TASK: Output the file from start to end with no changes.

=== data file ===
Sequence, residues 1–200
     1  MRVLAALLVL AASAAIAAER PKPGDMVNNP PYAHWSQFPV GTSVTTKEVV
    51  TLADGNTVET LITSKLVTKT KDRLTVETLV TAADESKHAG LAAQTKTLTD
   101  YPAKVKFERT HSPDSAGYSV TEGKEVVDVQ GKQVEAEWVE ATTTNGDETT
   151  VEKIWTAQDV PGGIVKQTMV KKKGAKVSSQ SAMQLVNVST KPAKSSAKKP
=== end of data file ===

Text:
Sequence, residues 1–200
     1  MRVLAALLVL AASAAIAAER PKPGDMVNNP PYAHWSQFPV GTSVTTKEVV
    51  TLADGNTVET LITSKLVTKT KDRLTVETLV TAADESKHAG LAAQTKTLTD
   101  YPAKVKFERT HSPDSAGYSV TEGKEVVDVQ GKQVEAEWVE ATTTNGDETT
   151  VEKIWTAQDV PGGIVKQTMV KKKGAKVSSQ SAMQLVNVST KPAKSSAKKP